We realized pretty early that our daughter wasn’t going to be on the usual path to achievement.
Typical comments from around age five gave us our first clues:
“Mom, I think I should stay inside from recess and learn about geography.”
“Mom, what font is on that poster?” (asked in the middle of a kindergarten basketball game)
And when I saw how ballet classes went at age three I knew the visions of dance recitals, gymnastic meets, and all things athletic were never going to be reality.
We had her tested and when we got the results of the IQ tests, whoa. This kid has potential.
Potential is one heavy word. Potential means possibilities. Big possibilities. Maybe game changer possibilities. It’s like finding out your pee-wee football player has the same potential as Peyton Manning. She is capable of so much and as a parent it’s my job to help her get there. No pressure.
How do you change all that raw potential into achievement? (By the way, this is not a rhetorical question. I’d appreciate hearing how other parents are addressing this issue.)
That’s the bugaboo. Having potential doesn’t count for much in the real world. There aren’t any jobs that ask for your IQ. There’s not an IQ box on a patent application. That IQ alone won’t get you into a college.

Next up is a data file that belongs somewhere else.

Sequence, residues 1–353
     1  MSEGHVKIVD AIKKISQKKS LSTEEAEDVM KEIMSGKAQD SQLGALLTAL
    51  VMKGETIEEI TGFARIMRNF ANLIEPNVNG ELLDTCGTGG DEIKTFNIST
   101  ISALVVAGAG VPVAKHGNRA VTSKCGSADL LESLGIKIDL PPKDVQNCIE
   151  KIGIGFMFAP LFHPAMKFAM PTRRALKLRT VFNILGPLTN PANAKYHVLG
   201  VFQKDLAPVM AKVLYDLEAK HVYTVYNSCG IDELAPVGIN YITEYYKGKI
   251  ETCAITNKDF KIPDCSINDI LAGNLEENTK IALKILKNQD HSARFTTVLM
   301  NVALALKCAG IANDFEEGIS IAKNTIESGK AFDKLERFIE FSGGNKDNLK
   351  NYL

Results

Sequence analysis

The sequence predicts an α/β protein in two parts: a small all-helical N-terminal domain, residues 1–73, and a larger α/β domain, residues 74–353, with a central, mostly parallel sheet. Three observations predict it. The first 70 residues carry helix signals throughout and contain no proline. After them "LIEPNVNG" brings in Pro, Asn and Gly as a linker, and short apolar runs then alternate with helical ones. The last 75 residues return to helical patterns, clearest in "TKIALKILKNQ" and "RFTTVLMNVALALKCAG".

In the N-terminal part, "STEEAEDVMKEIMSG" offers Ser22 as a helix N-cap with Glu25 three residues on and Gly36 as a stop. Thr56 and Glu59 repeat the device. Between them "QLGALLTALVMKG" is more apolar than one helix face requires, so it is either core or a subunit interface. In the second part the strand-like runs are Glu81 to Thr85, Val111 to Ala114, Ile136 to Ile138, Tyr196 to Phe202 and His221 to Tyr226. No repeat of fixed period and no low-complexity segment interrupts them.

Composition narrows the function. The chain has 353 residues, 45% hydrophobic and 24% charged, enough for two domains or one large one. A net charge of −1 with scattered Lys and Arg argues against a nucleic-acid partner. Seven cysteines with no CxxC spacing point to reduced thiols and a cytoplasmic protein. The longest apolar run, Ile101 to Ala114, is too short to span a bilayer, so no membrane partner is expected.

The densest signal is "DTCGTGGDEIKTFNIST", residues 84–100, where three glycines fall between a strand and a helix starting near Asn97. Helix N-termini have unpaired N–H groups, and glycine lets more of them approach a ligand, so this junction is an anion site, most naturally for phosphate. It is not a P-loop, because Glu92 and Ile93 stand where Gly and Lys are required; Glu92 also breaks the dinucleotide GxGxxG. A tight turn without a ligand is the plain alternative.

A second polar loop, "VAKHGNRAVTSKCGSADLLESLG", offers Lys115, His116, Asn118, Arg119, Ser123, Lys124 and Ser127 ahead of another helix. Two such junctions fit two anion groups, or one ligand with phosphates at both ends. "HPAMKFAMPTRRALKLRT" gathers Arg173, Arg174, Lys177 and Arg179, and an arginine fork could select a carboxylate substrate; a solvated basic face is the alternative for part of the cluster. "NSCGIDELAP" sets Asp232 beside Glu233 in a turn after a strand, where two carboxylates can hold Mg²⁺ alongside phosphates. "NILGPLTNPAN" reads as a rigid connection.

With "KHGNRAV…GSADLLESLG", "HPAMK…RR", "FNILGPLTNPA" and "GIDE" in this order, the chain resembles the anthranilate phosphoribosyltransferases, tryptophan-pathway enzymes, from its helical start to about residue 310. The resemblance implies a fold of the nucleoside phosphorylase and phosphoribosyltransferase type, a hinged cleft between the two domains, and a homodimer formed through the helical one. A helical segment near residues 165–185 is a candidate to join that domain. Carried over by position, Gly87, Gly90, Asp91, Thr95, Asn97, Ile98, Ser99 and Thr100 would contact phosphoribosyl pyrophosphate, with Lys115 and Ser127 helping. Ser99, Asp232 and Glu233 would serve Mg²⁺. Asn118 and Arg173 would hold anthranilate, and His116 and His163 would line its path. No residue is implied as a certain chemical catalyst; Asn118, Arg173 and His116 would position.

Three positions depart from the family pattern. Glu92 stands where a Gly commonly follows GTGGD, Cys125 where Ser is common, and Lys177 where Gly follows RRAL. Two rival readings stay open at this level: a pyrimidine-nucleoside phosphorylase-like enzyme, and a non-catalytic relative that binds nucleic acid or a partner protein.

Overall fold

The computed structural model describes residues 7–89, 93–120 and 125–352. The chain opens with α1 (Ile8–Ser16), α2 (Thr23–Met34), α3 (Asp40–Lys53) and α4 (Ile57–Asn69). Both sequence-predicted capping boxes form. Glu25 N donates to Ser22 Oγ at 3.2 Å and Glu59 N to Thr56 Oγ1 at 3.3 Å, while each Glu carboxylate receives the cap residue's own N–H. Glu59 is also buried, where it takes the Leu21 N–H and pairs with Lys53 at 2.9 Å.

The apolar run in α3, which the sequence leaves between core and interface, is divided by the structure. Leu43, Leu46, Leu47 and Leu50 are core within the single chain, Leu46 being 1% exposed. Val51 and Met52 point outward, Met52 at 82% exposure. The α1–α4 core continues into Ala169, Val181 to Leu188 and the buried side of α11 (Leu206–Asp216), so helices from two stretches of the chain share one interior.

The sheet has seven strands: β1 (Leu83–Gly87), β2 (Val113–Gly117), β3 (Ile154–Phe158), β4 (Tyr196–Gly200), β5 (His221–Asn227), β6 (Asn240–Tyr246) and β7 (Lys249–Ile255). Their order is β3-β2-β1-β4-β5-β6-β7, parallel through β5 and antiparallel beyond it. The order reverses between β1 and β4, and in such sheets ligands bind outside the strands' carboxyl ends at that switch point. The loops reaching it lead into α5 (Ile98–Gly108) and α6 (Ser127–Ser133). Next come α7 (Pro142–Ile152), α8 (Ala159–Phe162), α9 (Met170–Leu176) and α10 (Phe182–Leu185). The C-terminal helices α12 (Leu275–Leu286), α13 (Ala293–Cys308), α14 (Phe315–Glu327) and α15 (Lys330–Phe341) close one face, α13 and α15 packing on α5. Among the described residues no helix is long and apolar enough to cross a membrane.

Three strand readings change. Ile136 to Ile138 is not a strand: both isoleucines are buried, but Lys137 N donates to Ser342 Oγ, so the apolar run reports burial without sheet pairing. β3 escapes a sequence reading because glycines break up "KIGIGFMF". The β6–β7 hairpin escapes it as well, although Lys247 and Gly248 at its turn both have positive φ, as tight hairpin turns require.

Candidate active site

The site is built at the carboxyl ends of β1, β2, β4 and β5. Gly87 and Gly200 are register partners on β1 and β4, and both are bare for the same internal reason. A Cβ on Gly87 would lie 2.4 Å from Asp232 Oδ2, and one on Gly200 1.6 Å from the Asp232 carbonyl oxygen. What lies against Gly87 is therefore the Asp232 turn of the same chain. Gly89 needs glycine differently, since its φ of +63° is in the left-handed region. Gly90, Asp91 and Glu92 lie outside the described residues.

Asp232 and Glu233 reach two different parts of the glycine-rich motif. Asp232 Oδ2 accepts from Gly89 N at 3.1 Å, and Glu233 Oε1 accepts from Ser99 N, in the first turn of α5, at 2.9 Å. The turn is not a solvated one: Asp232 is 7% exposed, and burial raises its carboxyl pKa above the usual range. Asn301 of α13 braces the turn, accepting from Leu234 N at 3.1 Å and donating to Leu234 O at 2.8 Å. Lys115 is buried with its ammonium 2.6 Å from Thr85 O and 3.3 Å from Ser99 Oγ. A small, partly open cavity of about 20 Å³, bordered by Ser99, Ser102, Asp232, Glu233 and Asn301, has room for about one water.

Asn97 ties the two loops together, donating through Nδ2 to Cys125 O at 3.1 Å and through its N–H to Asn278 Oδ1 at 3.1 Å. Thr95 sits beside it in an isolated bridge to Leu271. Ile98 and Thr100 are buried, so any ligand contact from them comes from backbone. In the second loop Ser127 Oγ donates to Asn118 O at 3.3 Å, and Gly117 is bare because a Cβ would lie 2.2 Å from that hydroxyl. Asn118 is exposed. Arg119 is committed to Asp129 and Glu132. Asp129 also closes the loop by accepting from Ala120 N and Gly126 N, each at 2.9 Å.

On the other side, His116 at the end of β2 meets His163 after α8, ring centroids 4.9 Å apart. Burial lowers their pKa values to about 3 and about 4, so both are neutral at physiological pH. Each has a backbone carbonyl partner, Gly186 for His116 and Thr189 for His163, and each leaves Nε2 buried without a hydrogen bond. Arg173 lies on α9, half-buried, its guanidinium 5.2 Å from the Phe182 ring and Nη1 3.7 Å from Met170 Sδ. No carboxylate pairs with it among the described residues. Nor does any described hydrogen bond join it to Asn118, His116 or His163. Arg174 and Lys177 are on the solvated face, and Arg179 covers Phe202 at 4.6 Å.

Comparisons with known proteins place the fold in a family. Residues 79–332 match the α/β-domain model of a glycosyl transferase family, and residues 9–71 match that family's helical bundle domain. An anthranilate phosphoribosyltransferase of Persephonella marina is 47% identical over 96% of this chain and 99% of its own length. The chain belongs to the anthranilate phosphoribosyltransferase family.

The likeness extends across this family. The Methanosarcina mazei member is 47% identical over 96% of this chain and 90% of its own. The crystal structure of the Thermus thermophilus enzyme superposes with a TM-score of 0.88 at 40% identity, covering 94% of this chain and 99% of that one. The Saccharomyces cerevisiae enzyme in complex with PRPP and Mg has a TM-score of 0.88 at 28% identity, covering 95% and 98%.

You need to demonstrate what you can do. What you have achieved. The IQ is the talk. The achievement is the walk. You have to walk the walk.
Lots of gifted kids, and not gifted kids, are passionate about a particular topic. Maybe it’s dinosaurs, space, weather patterns, or robotics.
But my kid is content to sit back and watch Gravity Falls or read Calvin & Hobbes. Recently it’s been watching M.A.S.H. reruns. She claims she’s learning about the Korean War. She also believes Frank Burns was under-appreciated. Obviously she still has much to learn about the Korean conflict and worthy sitcom characters.
She gets straight A’s and can rock a standardized test like nobody’s business. But she hasn’t found her “thing” yet. She hasn’t found her passion which would, I believe, lead her to achievement on a new level for her.
She likes robotics and has taken several classes but when she had the opportunity for her own Mindstorms kit, she turned it down.
She’s a mathy girl, but getting her to the local math circle is sometimes more than I can deal with it.
At her first MathCounts competition she failed to finish all the questions, and she wasn’t concerned. Even with leaving problems unanswered she did well for her age and that’s good enough for her.
Just imagine what she could’ve achieved had she finished. Imagine what she could’ve achieved had she studied.
What Will Achievement Look Like?
When I have the achievement conversation with her school, they look incredulous. They think I’m a wee bit crazy. By their standards, she is a high achiever. But I know better. She’s phoning it in.
My current plan is twofold: continue to present opportunities that challenge her and to let go of my own ideas of what her achievement should look like. That’s a tough one but it’s getting easier to let go as she matures and finds her own voice. I have faith in the person she’s becoming.
She’s a cheetah but she’s not at full speed yet. She’ll get there.
No, I don’t know yet what achievement will look like for her – but I can’t wait to find out.
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